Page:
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"Come hither, five or three of my knights, And feitch me downe my steed; King Arthur, that foule cockeward, Hath none such, if he had need. 105

"For I can ryde him as far on a day, As King Arthur can doe any of his on three.

And is it not a pleasure for a King, When he shall ryde forth on his journey?

"For the eyes that beene in his head, 110 They[L111] glister as doth the gleed;"-- "Now, by my faith," says noble King Arthur,

[_Half a page is wanting._]

No body....

But one thats learned to speake.

Then King Arthur to his bed was brought, 115 A greeived man was hee; And soe were all his fellowes with him, From him they[L118] thought never to flee.

Then take they did that lodly boome,[L119]

And under thrubchandler[L120] closed was hee; 120 And he was set by King Arthurs bed-side, To heere theire talke, and theire com'nye;

That he might come forth, and make proclamation, Long before it was day; It was more for King Cornwalls pleasure, 125 Then it was for King Arthurs pay.

And when King Arthur on his bed was laid, These were the words said hee: "Ile make mine avow to God, And alsoe to the Trinity, 130 That Ile be the bane of Cornwall Kinge Litle Brittaine or ever I see!"

"It is an unadvised vow," saies Gawaine the gay, "As ever king hard make I; But wee that beene five christian men, 135 Of the christen faith are wee; And we shall fight against anoynted King, And all his armorie."

And then he spake him noble Arthur, And these were the words said he: 140 "Why, if thou be afraid, Sir Gawaine the gay, Goe home, and drinke wine in thine owne country."

32, the rived west.

34, tranckled.

50, They better.

65, bue, _sic_.

67, bue, _sic_; of two.

71, his gone.

101, said he.

111, The.

118, the.

119, goome?

120, thrubchadler.


And then bespake Sir Gawaine the gay, And these were the words said hee: "Nay, seeing you have made such a hearty vow, 145 Here another vow make will I.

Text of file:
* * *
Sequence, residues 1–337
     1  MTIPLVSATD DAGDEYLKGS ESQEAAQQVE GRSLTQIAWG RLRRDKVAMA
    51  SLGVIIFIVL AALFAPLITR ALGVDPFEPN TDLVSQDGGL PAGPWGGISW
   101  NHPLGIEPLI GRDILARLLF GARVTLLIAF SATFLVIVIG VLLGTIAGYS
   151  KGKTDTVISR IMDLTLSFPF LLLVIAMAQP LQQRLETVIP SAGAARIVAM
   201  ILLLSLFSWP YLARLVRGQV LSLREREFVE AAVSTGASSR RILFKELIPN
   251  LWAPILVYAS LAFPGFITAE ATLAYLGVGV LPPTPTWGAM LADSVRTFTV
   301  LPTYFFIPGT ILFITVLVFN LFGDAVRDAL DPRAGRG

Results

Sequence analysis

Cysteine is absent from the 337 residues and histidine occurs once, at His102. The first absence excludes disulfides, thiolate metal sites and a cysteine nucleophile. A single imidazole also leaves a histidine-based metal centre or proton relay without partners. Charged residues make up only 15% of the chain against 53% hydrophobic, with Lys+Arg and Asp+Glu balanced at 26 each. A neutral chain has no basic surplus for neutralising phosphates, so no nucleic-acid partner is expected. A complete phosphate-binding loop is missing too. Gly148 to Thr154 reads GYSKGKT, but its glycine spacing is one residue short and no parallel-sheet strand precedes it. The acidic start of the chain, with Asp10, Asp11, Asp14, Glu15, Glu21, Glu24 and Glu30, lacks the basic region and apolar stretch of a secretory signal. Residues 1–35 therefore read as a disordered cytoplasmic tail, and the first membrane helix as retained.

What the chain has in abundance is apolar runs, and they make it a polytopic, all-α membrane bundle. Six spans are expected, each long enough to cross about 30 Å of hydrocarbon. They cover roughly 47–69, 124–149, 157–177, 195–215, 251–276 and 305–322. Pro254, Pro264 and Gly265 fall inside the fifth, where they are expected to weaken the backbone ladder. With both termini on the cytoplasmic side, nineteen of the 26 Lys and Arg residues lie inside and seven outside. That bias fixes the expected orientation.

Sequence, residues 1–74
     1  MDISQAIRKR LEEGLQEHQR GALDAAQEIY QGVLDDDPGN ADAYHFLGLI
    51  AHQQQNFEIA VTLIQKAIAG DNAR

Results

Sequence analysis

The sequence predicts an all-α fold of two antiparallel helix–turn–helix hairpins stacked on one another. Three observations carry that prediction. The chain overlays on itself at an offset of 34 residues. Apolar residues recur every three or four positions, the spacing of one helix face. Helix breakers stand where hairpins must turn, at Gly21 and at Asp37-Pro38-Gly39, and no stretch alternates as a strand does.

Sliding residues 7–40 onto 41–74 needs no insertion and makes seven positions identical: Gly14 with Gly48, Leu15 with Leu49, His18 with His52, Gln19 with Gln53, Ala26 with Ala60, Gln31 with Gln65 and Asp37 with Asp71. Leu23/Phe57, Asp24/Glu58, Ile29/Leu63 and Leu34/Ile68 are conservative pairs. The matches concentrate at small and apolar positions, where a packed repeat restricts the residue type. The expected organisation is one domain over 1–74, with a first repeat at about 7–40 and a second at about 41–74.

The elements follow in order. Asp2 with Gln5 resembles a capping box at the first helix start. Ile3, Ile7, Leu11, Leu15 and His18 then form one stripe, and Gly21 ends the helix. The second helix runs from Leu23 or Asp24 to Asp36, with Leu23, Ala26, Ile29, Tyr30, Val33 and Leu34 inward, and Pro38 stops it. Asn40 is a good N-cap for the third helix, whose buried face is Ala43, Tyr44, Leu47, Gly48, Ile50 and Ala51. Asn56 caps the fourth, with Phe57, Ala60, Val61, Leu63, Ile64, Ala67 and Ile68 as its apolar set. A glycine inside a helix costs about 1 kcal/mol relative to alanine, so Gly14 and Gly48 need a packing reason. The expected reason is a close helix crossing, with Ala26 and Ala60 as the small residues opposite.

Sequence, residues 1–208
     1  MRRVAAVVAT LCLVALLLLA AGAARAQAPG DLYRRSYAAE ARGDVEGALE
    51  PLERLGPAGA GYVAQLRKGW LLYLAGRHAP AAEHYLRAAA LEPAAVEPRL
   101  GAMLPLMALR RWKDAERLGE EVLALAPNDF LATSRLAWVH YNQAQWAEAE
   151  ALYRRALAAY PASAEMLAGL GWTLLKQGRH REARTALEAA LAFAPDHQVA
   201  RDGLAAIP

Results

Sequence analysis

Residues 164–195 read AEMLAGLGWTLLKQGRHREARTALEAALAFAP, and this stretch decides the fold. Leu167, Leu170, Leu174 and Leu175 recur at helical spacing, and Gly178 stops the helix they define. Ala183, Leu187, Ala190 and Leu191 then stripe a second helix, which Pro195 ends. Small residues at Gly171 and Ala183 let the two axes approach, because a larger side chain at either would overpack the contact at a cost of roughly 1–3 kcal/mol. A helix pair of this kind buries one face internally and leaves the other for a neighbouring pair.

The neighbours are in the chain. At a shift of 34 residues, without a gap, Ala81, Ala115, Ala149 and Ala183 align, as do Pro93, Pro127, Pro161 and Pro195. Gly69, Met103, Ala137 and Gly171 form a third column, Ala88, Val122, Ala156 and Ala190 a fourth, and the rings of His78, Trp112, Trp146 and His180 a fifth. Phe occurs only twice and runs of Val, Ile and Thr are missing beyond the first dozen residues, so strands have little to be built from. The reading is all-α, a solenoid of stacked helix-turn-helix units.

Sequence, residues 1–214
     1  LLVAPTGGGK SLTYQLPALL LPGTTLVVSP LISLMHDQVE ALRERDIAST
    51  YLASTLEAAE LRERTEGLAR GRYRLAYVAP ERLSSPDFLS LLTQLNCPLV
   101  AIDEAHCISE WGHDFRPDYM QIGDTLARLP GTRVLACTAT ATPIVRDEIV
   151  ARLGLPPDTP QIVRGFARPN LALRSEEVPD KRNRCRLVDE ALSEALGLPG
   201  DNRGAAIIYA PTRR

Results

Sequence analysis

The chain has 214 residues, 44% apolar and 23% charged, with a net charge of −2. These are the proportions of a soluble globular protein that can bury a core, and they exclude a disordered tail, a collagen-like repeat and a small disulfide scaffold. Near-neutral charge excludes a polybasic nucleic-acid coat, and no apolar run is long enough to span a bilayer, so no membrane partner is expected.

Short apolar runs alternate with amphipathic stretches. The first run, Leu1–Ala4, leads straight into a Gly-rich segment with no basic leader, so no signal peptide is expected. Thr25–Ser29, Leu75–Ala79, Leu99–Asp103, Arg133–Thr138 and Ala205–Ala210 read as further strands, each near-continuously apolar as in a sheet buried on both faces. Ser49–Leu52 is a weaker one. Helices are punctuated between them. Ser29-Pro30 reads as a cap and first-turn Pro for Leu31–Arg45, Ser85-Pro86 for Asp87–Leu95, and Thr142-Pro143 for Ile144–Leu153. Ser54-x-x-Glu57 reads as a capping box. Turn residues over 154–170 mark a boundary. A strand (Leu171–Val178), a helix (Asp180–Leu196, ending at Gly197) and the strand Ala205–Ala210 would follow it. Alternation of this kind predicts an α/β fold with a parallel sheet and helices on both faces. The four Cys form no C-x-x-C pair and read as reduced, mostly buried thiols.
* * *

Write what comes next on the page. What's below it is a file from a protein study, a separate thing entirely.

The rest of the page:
"Ile make mine avow to God, And alsoe to the Trinity, That I will have yonder faire lady To Litle Brittaine with mee. 150

"Ile hose her hourly to my hart,[L151]

And with her Ile worke my will;

[_Half a page is wanting._]

These were the words sayd hee: "Befor I wold wrestle with yonder feend, It is better be drowned in the sea." 155

And then bespake Sir Bredbeddle, And these were the words said he: "Why, I will wrestle with yon lodly feend, God! my governor thou shalt bee."

Then bespake him noble Arthur, 160 And these were the[L161] words said he: "What weapons wilt thou have, thou gentle knight?

I pray thee tell to me."

He sayes, "Collen brand Ile have in my hand, And a Millaine knife fast be my knee; 165 And a Danish axe fast in my hands, That a sure weapon I thinke wilbe."

Then with his Collen brand, that he had in his hand, The bunge of the trubchandler he burst in three.

What that start out a lodly feend, 170 With seven heads, and one body.

The fyer towards the element flew, Out of his mouth, where was great plentie; The knight stoode in the middle, and fought, That it was great joy to see. 175

Till his Collaine brand brake in his hand, And his Millaine knife burst on his knee; And then the Danish axe burst in his hand first, That a sur weapon he thought shold be.

But now is the knight left without any weapone, 180 And alacke! it was the more pitty; But a surer weapon then had he one, Had never Lord in Christentye: And all was but one litle booke, He found it by the side of the sea. 185

He found it at the sea-side, Wrucked upp in a floode; Our Lord had written it with his hands, And sealed it with his bloode.

[_Half a page is wanting._]

"That thou doe.... 190 But ly still in that wall of stone; Till I have beene with noble King Arthur, And told him what I have done."

And when he came to the King's chamber, He cold of his curtesie 195 Saye, "Sleep you, wake you, noble King Arthur?

And ever Jesus watch yee!"

"Nay, I am not sleeping, I am waking,"

These were the words said hee: "For thee I have car'd; how hast thou fared? 200 O gentle knight, let me see."

The knight wrought the King his booke, Bad him behold, reede, and see; And ever he found it on the backside of the leafe, As noble Arthur wold wish it to be. 205

And then bespake him King Arthur, "Alas! thou gentle knight, how may this be, That I might see him in the same licknesse, That he stood unto thee?"

And then bespake him the Greene Knight,[L210] 210 These were the words said hee: "If youle stand stifly in the battell stronge, For I have won all the victory."

Then bespake him the King againe, And these were the words said hee: 215 "If we stand not stifly in this battell strong, Wee are worthy to be hanged all on a tree."

Then bespake him the Greene Knight, These were the words said hee: Saies, "I doe coniure thee, thou fowle feend, 220 In the same licknesse thou stood unto me."

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